In part one of this blog post, I shared London’s Underground and trains as well as some quieter street scenes away from the main hustle and bustle of the busy areas. I did turn my attention to a wide area of locations while in London, including a pub. Pubs are not typically among the locations I seek images in. Depending on the kind of location and local culture, a pub borders on being a private domain rather than public space, the semi-public extension of someone’s living room of choice away from their home. On the other hand, the pubs I produced these images in qualify more as faceless places of eating and drinking, the typical customer not returning a second time – at least that’s my impression. Nonetheless, even places without their own local social routines are good stages for the theater of life I am interested in.
Every metropolis has a commercial dense spot, where consumers flock on shopping sprees and well known brands are lined up one after another. Some cities have more than one such spot, but even then, one sticks out. 5th Avenue in New York City is certainly king of the hill among these hot spots of street activity. In London, to me, the area around Oxford Street and Bond Street have that kind of impression on me. Even on a Sunday, shops are open for business and the sidewalks are crowded with a variety of people running their errands or just enjoying window shopping adventures.
I love the energy of Oxford Street and mostly, people do not bother that someone is viewing the world through a viewfinder of a camera in their midst, making them the main actors of a play that has no script. I’m not Garry Winogrand or Joel Meyerowitz – I am still trying to figure out what works for me artistically. I am interested in moments that have a specific action going on – like the woman on the ground getting helped up by other pedestrians, the group of Muslim women taking a shopping break outside a store. On the other hand, I am aiming for a more visual than story telling approach, accepting the anonymity of nameless people in the frame forming a visually appealing composition without deeper meaning. I find this very challenging and I sense this will occupy me for quite some time to come before I am happy with the results of my work.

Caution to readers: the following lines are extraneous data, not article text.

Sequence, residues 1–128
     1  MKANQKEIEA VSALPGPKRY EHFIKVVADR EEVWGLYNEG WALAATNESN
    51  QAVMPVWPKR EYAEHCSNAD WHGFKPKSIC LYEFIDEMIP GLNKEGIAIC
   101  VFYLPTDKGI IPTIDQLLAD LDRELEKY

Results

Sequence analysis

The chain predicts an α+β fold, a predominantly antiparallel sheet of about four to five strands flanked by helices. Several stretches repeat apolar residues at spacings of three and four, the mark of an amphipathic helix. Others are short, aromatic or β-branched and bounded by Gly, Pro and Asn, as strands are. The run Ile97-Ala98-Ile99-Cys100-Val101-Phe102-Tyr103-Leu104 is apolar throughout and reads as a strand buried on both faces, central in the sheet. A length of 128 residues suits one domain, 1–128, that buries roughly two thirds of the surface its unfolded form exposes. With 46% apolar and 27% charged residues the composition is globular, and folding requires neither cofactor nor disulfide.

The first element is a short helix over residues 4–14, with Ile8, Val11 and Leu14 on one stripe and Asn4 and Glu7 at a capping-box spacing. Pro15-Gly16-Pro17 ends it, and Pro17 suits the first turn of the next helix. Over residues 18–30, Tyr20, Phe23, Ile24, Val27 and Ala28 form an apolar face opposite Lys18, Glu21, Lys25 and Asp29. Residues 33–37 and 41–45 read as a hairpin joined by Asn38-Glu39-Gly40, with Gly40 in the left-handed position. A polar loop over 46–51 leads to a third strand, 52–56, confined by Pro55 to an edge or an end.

At night, every city I have visited changes its rhythm. The stage is remodeled, the actors exchanged. Night, per definition, is the absence of light, or more specific the absence of daylight. However, light never goes away in a city. It transforms. It becomes artificial, more complex. At night, there can be countless light sources in a single frame of photography. There are static light sources from street lamps, illuminated buildings, stores and restaurants, theaters and bars. There are moving light sources from cars, buses and bicycles. The more glamorous places have illuminated billboards, like Piccadilly Circus.
Light at night is more complex to work with but it enables visual expressions within a frame that are just not possible during the day. Strong backlighting is rare during the day but can be constantly available during the night. Construction workers remodeling the interior of a store at night, backlit by small spotlights used to illuminate the construction site, for example.
Usually, when leaving the UK, I always take the plane. Traveling for work mostly, it makes sense as the expense is covered and flying meets the demand of a business schedule that doesn’t allow for long transits during working hours. I tried something different recently, taking a night bus from Victoria Coach Station to Bercy in Paris. While waiting at the gate in the coach station for the bus to arrive and boarding to begin, I enjoyed the variety of characters at the station. There none of the business types that usually accompany me on my flights. The dirt cheap ticket prices of bus travel attract mainly the frugal and young people, too young to have a steady income to afford flight tickets. I found that the coach station is a location likely for me to return to for more candid photography. Unfortunately, my camera was only loaded with ISO 200 film that evening, so my options were a little limited, but some shots still came out great.
London will always be one of my favorite cities for street photography. It’s a timeless city with an eternal elegance and relevancy to it that has been enriched with the influences of a thousand cultures the city attracted over the last 100 years. While the UK colonized half the world, I think colonization has backfired on the UK’s most important urban area and enriched it – literally – with the world. Still, London will always be London.
The entire set of images from both parts of this post are also available on Flickr.